Figures showing that the Chinese economy is on track for solid growth gave the Toronto stock market a sharp boost on Wednesday.
The S&P/TSX composite index ran ahead 130.39 points to 15,211.71 after data showed that the annual pace of Chinese economic growth rose to 7.5 per cent in the three months ended June 30, up from the previous quarter’s 7.4 per cent.
The report was in line with the ruling Communist Party’s 7.5 per cent target for the year and higher than expectations for a 7.4 per cent advance.
“We haven’t had really good news out of China for awhile and this really reassured the market that China at the very least, it’s stopped its economic slide,” said Luciano Orengo, portfolio manager at Manulife Asset Management.
“You get this news combined with news from the U.S. where companies have started releasing earnings and for the most part have been better than expected and that’s (also) given the markets reassurance because a lot of the market appreciation has been due to multiple expansion and to keep the market going you need to see earnings growth.”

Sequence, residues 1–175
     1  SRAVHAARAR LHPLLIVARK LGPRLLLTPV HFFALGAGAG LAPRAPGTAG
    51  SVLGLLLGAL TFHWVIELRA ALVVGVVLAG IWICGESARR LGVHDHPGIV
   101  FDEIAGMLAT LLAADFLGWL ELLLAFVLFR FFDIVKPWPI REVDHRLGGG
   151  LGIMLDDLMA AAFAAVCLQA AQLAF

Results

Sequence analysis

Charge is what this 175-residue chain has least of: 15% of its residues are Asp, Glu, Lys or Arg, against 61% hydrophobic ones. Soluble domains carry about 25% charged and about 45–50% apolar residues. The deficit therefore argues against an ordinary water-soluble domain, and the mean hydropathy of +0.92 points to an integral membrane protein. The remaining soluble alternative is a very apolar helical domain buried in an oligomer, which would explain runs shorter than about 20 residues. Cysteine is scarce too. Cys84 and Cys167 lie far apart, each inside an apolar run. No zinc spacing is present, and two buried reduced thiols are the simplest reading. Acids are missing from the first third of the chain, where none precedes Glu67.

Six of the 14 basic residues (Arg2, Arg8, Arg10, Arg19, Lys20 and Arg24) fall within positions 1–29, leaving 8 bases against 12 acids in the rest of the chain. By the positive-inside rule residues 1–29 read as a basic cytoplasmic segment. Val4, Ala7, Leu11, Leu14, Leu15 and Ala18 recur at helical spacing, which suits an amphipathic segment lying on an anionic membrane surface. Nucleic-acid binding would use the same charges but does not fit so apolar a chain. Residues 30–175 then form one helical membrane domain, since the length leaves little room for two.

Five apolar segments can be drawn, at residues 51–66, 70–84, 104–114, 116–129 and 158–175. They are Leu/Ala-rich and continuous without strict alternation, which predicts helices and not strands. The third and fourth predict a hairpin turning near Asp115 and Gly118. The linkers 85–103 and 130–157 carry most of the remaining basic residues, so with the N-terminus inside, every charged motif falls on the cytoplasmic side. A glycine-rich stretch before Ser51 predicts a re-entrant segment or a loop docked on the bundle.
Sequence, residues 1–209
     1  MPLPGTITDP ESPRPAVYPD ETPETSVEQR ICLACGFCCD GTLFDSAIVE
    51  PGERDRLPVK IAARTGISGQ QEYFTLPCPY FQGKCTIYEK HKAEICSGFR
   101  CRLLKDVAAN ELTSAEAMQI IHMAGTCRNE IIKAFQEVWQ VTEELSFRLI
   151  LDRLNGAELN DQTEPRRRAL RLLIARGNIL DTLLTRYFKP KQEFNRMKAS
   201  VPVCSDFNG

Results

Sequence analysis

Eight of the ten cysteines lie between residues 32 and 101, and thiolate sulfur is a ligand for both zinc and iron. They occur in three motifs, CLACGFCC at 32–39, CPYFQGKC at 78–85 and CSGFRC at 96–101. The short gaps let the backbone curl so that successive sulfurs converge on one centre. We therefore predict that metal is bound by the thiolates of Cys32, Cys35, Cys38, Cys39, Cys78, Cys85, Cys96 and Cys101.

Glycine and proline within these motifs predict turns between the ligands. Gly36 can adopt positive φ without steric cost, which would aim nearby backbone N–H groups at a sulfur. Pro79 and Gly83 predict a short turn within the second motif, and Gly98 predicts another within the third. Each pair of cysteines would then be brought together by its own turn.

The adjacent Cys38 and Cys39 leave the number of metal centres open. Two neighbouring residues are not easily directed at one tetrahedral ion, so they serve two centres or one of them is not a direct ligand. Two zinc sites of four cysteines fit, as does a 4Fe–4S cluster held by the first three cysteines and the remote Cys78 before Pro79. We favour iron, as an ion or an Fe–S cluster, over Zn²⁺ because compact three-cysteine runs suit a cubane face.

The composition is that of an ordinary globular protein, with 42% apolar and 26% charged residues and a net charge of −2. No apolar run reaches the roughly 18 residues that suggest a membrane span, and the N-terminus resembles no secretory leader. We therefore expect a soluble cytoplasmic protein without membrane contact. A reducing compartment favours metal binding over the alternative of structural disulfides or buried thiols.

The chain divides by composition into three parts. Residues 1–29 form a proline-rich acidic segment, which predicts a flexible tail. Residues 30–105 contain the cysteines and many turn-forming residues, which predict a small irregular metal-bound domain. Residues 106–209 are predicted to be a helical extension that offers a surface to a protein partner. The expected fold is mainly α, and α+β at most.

The Canadian dollar rose 0.01 of a cent to 92.96 cents (U.S.) as the Bank of Canada said it was keeping its key rate unchanged at one per cent.
The bank also said the economy is not doing as well as expected and trimmed growth projections for 2014 and 2015 by one-tenth of a point – to 2.2 and 2.4 per cent respectively.
U.S. markets were higher amid earnings reports from Bank of America and Yahoo along with word that Time Warner Inc. rejected a $80-billion (U.S.) buyout offer from Rupert Murdoch’s Twenty-First Century Fox Inc.
The Dow Jones industrials gained 40.96 points to 17,101.64, the Nasdaq rose 14.14 points to 4,430.53 while the S&P 500 index climbed 5.07 points to 1,978.35.
Bank of America fell two per cent, to $15.50 after reporting second-quarter earnings that were hit by higher litigation expenses. The bank earned 19 cents per share compared with 32 cents a year ago.
Yahoo earned $270-million, or 26 cents per share, in the March-June quarter. That’s down from $331-million, or 30 cents per share, a year ago. Adjusted earnings were 37 cents per share in the latest quarter, two cents short of estimates and its shares declined 4.72 per cent to $33.93.
The base metals sector gained 0.8 per cent while September copper was off a penny at $3.23 (U.S.) a pound.
The gold sector was up 1.84 per cent while August bullion edged up $6 to $1,303.10 an ounce.
August crude gained gained 98 cents to $100.94 a barrel and the energy sector rose 1.12 per cent.
The tech sector was the only decliner with BlackBerry down $1.16 or 9.56 per cent to $10.98 after Apple and IBM said they were teaming up in order to develop enterprise apps and cloud services on mobile, while infringing on BlackBerry’s mobile device management territory.